Prof. Christian Ronse
University Professor in Computer Science
Université de Strasbourg, France
Christian Ronse studied pure mathematics at the Université Libre de Bruxelles (Licence, 1976) and the University of Oxford (M.Sc., 1977; Ph.D., 1979), specializing in group theory. From 1979 to 1991 he was Member of Scientific Staff at the Philips Research Laboratory Brussels, where he conducted research on combinatorics of switching circuits, feedback shift registers, discrete geometry, image processing, and mathematical morphology. During the academic year 1991-1992 he worked at the Université Bordeaux-1, where he obtained his Habilitation diploma. Since October 1992, he has been Professor of Computer Science at the Université de Strasbourg (promotion to First Class in 2001, and to Exceptional Class in 2010). There he contributed to the development of a research group on morphological image analysis, and the teaching of image processing to students at various levels. His scientific interests include lattice theory, imaging theory, mathematical morphology, discrete topology and image segmentation.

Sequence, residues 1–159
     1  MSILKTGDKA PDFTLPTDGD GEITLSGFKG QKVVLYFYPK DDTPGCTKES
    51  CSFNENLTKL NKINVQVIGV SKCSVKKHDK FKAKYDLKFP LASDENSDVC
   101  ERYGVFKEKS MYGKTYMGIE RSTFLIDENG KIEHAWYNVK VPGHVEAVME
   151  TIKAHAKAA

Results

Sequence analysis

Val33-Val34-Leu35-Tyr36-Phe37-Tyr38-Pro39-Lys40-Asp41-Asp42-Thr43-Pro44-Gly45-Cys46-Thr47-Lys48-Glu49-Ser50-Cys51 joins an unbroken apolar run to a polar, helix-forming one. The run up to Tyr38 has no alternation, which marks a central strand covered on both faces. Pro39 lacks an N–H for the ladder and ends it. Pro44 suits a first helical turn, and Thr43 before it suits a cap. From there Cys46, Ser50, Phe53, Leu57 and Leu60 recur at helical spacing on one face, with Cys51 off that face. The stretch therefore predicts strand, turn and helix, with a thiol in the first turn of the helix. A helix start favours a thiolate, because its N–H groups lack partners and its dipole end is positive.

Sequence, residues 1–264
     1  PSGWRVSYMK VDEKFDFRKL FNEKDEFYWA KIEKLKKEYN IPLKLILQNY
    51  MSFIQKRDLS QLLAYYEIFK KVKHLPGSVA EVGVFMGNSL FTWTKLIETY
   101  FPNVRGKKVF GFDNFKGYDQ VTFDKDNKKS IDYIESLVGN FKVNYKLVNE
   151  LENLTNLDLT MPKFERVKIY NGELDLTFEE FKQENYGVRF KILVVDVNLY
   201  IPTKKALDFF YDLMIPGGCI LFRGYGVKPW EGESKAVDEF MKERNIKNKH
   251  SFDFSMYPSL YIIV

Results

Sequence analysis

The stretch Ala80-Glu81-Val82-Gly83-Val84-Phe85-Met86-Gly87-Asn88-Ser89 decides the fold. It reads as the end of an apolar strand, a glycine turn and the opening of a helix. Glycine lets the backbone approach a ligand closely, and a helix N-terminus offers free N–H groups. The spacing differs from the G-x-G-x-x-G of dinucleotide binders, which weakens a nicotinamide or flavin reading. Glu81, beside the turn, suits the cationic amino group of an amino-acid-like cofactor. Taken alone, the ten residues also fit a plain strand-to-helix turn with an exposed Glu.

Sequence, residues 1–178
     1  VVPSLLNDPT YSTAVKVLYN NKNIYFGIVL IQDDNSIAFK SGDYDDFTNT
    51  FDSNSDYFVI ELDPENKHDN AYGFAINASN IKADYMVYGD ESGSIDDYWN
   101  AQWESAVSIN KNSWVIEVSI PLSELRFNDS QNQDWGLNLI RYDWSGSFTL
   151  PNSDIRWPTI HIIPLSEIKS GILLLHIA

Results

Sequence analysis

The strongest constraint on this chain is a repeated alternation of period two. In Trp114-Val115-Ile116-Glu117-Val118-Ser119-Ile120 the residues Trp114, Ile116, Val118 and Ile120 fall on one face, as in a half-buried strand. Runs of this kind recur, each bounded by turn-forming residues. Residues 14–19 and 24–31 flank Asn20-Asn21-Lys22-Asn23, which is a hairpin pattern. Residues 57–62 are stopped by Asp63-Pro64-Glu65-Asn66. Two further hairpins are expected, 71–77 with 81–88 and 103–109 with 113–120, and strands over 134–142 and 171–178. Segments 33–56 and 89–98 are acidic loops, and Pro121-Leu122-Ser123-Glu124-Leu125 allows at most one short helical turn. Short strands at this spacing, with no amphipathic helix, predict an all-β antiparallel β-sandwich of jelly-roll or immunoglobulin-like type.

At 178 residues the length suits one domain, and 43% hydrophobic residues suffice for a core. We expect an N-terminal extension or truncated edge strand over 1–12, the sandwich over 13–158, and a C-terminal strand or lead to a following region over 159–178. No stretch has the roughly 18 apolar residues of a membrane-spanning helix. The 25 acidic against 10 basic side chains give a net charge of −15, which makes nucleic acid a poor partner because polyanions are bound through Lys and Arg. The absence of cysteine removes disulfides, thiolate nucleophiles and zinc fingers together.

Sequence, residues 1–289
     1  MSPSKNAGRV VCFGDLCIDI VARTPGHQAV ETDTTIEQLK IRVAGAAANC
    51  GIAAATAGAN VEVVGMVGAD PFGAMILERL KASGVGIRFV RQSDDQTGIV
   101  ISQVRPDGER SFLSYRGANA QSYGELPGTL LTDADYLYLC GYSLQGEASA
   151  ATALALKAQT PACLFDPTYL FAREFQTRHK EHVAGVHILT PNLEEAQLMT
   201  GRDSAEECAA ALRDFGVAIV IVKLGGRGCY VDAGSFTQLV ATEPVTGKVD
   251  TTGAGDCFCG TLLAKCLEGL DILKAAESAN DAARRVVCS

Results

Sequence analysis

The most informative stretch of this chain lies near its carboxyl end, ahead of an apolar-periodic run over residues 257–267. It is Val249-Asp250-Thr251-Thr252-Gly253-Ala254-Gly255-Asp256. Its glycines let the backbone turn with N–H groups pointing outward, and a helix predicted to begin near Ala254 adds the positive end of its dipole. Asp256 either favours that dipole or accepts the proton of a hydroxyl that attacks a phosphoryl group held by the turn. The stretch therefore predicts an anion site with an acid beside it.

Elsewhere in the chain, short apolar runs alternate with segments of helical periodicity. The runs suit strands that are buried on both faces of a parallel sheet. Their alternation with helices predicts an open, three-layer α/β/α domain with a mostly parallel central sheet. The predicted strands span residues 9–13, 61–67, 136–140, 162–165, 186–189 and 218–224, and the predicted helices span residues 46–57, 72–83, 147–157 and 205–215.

Prof. Günter Rote
Institut für Informatik
Freie Universität Berlin, Germany
Günter Rote has been a Professor of Theoretical Computer Science at Freie Universität Berlin since 1999. He got his Ph.D. from the Technical University of Graz, Austria, in 1988 in the area of combinatorial optimization. By now, his main field of interest is computational geometry. He is a co-editor-in-chief of the "Journal of Computational Geometry", one of the four journals that specialize in this field and the only one that provides fully open access. His interests are manifold. He has worked on motion-planning problems both with a view on practical applicability (robot motion) as well as theoretically (leading to the solution of the Carpenter's rule problem: Every polygonal chain can be continuously unfolded without self-crossings while keeping edge lengths fixed). He likes to enlist the help of computers in his research. He has investigated the growth rate of the number of different polyominoes as the number of cells increases (Klarner's constant). With the help of a supercomputer, a team that includes professor Rote is holding the current record lower bound, establishing rigorously for the first time that this constant is bigger than 4. Professor Rote has been a visiting scientist at the University of Waterloo in 1990 and at Freie Universität Berlin in 1988/89.